Mead Gruver

CHEYENNE, WYO.: New samples from beneath a Wyoming gas field where the U.S. Environmental Protection Agency linked hydraulic fracturing to groundwater pollution seem unlikely to sway hearts and minds on a nationwide debate over the contentious issue. The additional data isn’t a whole lot different, or more substantial, compared to what the EPA detected previously.

Calgary, Canada-based Encana, which owns the gas field in the Pavillion area in west-central Wyoming, still says the EPA research was flawed and, so too, last year’s finding that implicated the petroleum industry technique.

An environmental group still says Pavillion shows more regulation is needed for fracking, the practice of blasting of millions of gallons of water and smaller amounts of sand and chemicals down well holes to force open new fissures.

“This newest information reinforces our concerns that fracking may be putting our drinking water and health at risk,” said Kate Sinding, with the Natural Resources Defense Council. “It’s why it’s so critical we get safeguards on the books to protect Americans from dangerous drilling practices.”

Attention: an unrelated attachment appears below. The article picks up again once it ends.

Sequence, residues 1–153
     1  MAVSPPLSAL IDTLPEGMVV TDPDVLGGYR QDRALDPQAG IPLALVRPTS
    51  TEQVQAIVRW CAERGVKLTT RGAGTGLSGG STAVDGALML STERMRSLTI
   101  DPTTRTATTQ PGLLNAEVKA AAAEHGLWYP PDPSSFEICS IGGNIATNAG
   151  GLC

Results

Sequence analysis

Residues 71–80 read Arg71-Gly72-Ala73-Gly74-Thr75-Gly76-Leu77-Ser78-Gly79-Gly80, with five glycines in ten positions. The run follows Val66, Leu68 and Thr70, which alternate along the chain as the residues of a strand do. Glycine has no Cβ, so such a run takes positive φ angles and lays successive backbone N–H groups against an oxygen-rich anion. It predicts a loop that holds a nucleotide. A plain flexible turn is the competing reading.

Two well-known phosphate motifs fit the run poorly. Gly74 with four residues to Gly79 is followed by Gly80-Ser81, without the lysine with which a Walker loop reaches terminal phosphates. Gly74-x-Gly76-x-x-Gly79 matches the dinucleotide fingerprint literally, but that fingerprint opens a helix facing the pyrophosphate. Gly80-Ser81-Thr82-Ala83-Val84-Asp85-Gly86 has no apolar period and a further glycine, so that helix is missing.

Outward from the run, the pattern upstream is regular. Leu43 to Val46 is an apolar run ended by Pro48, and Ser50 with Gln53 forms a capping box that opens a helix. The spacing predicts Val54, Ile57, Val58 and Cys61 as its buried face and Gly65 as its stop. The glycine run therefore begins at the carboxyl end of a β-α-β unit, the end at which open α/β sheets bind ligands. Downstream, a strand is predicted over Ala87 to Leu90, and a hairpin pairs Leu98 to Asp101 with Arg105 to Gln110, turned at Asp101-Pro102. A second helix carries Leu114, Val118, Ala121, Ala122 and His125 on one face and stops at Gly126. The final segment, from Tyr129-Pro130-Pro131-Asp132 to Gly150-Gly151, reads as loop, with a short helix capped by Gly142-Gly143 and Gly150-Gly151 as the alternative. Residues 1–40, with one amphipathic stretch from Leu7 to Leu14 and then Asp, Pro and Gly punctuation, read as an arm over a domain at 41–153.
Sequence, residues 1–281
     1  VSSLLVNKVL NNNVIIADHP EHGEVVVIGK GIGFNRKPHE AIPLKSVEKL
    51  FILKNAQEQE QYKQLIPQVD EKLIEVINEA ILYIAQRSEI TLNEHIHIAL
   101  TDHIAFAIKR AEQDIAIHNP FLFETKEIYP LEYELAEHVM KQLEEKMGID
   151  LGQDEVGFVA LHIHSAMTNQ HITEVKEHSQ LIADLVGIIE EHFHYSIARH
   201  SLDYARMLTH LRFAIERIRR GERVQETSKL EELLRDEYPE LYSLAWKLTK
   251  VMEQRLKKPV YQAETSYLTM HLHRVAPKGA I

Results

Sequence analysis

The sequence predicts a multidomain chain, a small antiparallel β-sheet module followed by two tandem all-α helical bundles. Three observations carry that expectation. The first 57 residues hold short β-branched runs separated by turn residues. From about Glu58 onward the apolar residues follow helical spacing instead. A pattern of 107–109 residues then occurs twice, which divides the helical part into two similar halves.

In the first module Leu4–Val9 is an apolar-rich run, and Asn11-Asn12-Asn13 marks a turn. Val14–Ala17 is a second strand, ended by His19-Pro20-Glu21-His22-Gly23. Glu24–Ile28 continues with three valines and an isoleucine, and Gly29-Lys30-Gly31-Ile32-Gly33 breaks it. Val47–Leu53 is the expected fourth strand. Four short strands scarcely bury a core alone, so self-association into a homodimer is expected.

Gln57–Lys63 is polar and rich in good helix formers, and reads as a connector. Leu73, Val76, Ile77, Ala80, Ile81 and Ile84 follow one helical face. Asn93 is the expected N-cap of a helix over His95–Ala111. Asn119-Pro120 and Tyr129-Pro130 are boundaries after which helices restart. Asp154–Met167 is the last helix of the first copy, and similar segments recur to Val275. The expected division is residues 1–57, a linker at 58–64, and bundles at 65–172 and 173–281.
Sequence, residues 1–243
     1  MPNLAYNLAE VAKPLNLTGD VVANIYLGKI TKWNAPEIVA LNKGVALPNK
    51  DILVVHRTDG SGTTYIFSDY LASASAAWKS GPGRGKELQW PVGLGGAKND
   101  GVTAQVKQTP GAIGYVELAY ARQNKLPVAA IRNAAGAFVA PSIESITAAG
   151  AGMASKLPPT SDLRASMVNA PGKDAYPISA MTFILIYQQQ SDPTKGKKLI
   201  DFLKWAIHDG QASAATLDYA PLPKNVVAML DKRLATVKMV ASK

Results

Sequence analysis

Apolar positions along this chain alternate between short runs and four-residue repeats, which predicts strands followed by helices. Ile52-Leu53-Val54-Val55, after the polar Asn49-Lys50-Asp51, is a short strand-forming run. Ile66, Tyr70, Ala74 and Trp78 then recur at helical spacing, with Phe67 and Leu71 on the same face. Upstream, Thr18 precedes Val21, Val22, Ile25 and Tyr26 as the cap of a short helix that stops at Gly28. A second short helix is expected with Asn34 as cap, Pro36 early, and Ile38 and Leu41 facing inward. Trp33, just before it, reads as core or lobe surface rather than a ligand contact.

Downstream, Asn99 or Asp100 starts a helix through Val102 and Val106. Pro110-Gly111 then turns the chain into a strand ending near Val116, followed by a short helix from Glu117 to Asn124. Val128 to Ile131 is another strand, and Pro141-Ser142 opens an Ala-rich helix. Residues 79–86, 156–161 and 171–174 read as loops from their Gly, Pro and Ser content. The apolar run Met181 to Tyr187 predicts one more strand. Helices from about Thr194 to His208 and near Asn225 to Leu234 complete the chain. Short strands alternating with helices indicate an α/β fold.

The Pavillion field has shallow gas and geology much different from other gas fields. Fracking occurred unusually close to home water wells, and the EPA has said that any findings in the area shouldn’t be applied to fracking in general.

Even so, Pavillion now is widely associated with fracking. People with significant concerns about or a stake in fracking scoured the new U.S. Geological Survey data, released Wednesday, that was collected in partnership with the state of Wyoming, the EPA and two American Indian tribes.

The EPA drew its findings last year from two wells it drilled to test for pollution and this year’s study sought to resample both wells. The USGS released the new data without any analysis.

“These groundwater investigations are kind of a tricky business. You don’t always get these super-conclusive results with, you know, just a couple rounds of sampling from two wells,” said David Yoxtheimer, of Penn State.